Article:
Path to the Peace Corps


A young woman wearing a tie-dyed bandanna digs wells, uses her fingers to spoon food from a handmade bowl, and joins local African women in their washing and sewing. A blond guy with glasses teaches in a schoolhouse, bikes through town, and places large containers of water on villagers’ heads for them to carry. In a promotional video about the Peace Corps, these volunteers and others speak about what they have learned—and taught—during their two-year stints in the organization.

At Monday evening’s informational meeting in Ida Noyes Hall, about 18 students watch the film. If they end up joining the Peace Corps, they’ll continue a popular tradition at the University, which in 2007 sent more graduates than any other school its size to the organization. Clifton Johnson, AM’03, a recruiter in the Chicago regional office, follows the video with more info on the program, how to apply, and his own experience.

For the Peace Corps's 27-month commitment—three months of language and culture training before a two-year stint abroad—the organization “tries to match volunteers' skills with the country's needs,” Johnson, an SSA graduate, tells the Chicago students. His social-work background matched the needs on an island in South Pacific Tonga, where he helped young people find jobs, and Megan Dickie, a biological-sciences major at Cornell who also spoke to the group, did habitat conservation in Ecuador. If you have a college degree or life experience such as farming or starting a business, Johnson says, you’d be a valuable volunteer.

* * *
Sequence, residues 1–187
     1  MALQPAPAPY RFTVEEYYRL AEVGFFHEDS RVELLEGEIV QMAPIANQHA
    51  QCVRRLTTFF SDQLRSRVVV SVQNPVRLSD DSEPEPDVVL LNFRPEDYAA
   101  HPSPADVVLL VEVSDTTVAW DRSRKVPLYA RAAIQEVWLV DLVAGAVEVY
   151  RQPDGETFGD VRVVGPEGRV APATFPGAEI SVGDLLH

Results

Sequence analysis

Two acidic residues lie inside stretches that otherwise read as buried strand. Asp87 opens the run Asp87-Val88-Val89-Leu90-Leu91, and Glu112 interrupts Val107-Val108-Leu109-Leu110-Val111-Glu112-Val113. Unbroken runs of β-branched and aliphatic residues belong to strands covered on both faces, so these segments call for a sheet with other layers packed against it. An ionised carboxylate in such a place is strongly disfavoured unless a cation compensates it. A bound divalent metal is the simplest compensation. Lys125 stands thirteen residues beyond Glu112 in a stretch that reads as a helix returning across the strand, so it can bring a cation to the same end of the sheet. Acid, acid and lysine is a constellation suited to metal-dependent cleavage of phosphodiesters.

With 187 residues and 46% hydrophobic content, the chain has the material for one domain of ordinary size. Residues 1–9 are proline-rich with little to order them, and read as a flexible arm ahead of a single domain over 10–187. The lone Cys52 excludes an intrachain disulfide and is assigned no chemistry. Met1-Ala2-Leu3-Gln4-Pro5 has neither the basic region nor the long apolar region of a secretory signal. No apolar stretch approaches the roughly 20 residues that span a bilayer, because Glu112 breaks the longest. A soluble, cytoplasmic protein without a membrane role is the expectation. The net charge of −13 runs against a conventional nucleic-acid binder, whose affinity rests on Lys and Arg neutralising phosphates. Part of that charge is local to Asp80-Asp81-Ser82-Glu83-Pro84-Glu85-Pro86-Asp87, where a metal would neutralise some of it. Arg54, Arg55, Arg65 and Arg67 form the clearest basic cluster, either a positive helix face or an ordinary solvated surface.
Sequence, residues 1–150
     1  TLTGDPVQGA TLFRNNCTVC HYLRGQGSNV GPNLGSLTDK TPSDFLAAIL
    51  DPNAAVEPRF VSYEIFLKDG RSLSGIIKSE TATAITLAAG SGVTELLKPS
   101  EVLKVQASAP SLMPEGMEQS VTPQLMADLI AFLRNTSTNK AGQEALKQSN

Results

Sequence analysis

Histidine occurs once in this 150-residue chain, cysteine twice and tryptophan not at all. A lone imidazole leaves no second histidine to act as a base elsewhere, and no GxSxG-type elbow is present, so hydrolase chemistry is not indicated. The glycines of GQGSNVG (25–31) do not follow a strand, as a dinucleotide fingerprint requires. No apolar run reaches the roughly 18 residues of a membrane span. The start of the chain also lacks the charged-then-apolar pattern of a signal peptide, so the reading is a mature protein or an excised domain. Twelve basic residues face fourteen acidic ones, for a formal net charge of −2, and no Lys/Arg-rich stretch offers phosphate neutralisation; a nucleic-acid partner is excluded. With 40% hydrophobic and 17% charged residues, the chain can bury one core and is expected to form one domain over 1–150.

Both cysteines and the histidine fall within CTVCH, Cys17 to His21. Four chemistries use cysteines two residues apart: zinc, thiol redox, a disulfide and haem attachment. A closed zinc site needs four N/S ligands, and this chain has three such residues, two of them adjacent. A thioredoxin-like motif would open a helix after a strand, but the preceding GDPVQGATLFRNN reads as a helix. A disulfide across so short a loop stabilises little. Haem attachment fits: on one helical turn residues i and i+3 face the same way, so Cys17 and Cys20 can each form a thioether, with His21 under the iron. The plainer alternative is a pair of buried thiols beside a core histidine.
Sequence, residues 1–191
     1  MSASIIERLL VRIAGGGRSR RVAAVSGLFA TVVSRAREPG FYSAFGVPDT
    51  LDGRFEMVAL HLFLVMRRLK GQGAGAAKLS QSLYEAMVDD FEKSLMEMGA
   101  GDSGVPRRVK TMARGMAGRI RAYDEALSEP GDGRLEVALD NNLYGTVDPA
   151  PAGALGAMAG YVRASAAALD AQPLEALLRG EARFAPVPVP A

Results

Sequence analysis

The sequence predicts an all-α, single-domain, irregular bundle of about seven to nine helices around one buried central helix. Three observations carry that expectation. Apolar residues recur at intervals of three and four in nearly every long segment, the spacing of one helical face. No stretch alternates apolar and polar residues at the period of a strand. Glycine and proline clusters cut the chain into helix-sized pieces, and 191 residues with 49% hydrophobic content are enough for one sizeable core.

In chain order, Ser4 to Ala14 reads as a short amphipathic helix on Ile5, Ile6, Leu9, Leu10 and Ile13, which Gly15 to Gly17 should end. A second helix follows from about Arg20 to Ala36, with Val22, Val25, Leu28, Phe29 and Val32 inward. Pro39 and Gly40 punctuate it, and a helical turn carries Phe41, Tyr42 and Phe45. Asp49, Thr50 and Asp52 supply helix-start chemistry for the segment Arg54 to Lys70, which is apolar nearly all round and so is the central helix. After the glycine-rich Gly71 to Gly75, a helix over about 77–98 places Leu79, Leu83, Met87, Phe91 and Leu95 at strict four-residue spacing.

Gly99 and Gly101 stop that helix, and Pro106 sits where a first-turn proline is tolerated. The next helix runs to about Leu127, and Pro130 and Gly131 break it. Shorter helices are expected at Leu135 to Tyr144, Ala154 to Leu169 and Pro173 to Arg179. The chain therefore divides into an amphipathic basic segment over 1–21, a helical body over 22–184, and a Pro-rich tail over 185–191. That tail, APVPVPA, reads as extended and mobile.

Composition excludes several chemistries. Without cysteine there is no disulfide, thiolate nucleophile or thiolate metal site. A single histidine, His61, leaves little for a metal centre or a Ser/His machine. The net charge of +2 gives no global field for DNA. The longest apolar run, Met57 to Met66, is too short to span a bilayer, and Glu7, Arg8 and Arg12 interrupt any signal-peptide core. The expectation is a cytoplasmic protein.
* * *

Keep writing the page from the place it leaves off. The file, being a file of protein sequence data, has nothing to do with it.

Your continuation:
He walks through the application procedure, which includes filling out an extensive online form—“we want to make sure you’re mature enough, motivated enough, and have the skills needed”—meeting with a recruiter, and getting medical clearance. Finally accepted applicants receive an invitation from the Peace Corps. The whole process can take about a year, he says, so interested students should start early.

“How are you held accountable for the work you do?" a young woman asks during the Q&A. Every three months, Dickie replies, volunteers fill out progress reports, and once a year a Peace Corps official visits the site. A local villager is also in touch with the organization, “so if you weren’t doing anything,” says Johnson, that person could report you. “Still, it’s an independent work environment,” and volunteers can forge their own assignments: Johnson, for instance, eventually narrowed his focus to youths with developmental disabilities, and he also taught art classes at the local library.


Photo: Johnson tells the group in Ida Noyes about working in Tonga.

February 1, 2008